Jacquelyn Dyer

Store #49087
Norfolk, Virginia

Jacquelyn Dyer joined the Navy to pursue her dream of owning her own café and bakery.

“It’s my passion. It’s what I’ve always wanted since I was about 7 years old,” said Jacquelyn, who was doing culinary school homework on the patio of a Starbucks in Norfolk, Virginia. “The whole reason I joined the Navy, actually, was because I wanted to get schooling paid for, and not to have any student loan debt, because that’s terrible.”

When she got out of the military, she tried to start school two days later. The transition was tough.

“When I first came back from my deployment, I feel there was a lot more darkness in my life,” she said. “It's really hard to explain the feelings you have when you're coming out of the military, because the camaraderie is unmatchable. You learn a whole different language when you join. You go from being constantly surrounded, working a lot of hours, to nobody understanding what you’re talking about – what you went through.”

A six-month internship at Dog Tag Bakery helped turn that around. The non-profit in the D.C. area is geared toward helping military veterans, their spouses, and caregivers with entrepreneurial skills, but Jacquelyn said it also helped her confront some of her traumatic experiences, find her voice and tell her story. 

“It was healing. That’s when the lightness really started coming back into my life,” she said. “I never would have told anybody that stuff, not even my family, you know? These were veterans who had seen similar things, if not worse, so it was people I could relate to. Now that I'm able to speak about some of the things that happened to me, and it doesn't hurt, it doesn't cause me to stress out as much as it used to and I'm at peace with myself more so than I ever was before.”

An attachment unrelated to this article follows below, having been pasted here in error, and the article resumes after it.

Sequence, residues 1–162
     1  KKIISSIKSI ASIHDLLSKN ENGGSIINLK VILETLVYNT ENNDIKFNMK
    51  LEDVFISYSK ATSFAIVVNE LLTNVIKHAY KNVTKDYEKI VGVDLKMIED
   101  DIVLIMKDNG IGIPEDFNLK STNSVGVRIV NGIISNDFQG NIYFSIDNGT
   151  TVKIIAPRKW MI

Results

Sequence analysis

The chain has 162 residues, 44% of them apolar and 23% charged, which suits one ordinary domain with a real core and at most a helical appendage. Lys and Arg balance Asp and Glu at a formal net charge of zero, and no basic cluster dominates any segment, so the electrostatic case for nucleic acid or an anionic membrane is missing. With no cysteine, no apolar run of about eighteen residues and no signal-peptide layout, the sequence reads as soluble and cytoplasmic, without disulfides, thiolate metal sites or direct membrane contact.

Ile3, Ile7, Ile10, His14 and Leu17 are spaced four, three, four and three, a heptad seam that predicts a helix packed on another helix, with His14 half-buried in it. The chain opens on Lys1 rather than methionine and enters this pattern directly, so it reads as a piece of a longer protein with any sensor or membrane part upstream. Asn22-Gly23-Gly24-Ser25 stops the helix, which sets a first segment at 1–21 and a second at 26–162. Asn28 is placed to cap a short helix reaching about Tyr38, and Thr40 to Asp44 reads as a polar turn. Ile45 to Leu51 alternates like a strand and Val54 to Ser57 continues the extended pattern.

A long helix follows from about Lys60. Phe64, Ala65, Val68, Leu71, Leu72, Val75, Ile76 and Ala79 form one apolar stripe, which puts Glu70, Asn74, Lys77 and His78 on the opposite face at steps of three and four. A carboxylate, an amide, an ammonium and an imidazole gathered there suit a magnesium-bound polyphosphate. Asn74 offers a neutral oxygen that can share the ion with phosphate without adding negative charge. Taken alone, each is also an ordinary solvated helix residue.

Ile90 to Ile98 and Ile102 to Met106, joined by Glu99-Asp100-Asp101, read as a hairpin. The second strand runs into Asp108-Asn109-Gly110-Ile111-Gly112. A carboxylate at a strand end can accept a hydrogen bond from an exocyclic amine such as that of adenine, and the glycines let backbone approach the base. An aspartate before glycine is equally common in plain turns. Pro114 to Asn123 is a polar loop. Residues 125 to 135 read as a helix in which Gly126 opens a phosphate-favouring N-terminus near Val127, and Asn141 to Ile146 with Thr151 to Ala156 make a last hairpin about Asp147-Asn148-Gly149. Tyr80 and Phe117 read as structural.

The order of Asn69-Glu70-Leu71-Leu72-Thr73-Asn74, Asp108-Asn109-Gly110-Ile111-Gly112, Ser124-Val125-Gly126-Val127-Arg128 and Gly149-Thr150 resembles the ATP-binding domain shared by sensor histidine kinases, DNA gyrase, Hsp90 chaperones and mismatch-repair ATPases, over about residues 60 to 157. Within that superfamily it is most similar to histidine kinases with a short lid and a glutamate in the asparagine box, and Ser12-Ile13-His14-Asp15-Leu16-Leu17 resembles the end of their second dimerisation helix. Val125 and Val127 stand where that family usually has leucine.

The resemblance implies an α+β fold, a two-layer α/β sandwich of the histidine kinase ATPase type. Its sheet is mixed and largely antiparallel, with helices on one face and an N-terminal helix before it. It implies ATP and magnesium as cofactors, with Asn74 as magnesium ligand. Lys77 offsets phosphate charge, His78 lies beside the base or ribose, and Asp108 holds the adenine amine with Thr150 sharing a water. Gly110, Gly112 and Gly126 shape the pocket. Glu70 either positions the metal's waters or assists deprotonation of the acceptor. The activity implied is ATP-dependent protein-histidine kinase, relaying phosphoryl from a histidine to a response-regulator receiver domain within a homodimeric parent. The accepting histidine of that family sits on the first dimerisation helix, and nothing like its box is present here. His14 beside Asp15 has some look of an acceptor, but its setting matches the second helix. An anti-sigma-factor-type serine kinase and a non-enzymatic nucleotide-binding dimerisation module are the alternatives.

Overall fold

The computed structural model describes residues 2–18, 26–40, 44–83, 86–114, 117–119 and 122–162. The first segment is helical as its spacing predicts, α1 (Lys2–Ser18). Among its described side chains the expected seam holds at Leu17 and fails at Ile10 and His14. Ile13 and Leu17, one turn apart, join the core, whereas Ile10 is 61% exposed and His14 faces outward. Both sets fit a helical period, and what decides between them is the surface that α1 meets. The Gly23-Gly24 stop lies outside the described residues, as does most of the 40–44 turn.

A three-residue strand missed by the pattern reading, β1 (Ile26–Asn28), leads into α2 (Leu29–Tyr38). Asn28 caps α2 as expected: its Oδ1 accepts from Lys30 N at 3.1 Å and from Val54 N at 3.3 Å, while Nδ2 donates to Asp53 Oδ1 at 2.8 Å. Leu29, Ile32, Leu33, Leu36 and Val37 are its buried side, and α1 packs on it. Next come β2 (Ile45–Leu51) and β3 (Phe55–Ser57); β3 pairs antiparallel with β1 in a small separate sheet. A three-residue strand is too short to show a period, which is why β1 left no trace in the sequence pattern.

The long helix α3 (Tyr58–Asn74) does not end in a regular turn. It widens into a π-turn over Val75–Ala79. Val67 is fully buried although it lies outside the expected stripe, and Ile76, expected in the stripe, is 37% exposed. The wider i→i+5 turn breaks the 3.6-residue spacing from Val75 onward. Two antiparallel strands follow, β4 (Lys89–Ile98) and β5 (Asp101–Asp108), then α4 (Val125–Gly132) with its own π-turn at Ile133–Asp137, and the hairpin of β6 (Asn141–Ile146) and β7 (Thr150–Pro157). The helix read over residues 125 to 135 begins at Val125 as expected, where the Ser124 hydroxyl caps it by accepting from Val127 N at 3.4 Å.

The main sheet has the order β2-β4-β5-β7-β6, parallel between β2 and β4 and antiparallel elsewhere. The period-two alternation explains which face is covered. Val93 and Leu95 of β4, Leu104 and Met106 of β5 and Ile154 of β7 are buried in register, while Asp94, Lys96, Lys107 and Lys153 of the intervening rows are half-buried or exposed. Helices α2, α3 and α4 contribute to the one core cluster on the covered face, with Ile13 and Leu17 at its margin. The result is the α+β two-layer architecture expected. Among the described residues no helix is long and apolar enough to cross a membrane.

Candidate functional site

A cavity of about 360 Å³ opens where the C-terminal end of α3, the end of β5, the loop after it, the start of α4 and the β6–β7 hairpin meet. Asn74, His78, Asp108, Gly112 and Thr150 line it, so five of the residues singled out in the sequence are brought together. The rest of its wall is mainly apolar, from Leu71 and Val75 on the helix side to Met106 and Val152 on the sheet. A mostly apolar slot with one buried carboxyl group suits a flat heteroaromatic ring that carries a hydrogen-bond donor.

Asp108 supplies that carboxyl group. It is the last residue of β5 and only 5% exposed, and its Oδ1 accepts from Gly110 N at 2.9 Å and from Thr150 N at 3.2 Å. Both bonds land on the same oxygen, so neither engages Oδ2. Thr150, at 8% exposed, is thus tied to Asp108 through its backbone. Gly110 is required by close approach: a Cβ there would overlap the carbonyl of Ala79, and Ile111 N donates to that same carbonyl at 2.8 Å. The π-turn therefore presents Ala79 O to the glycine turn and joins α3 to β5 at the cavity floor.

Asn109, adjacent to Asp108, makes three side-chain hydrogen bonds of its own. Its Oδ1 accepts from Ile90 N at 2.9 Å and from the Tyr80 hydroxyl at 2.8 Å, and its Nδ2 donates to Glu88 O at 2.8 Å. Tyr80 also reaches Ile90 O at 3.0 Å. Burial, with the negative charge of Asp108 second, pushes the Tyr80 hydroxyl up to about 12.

Working for the non-profit also made her realize she still wanted to realize her childhood dream, but with a twist.

“People today don't know how to cook, but it's kinda necessary to survive. I wanna open up a place that reaches out to families that are low income and allow their children to come to my kitchen and teach them how to cook, and then send them home with a meal for their family as well,” she said.

– Jennifer Warnick

“It was healing. That’s when the lightness really started coming back into my life,” she said.

Keep exploring


Michael Dahl

Michael Dahl


Alexandra Fontenille

Alexandra Fontenille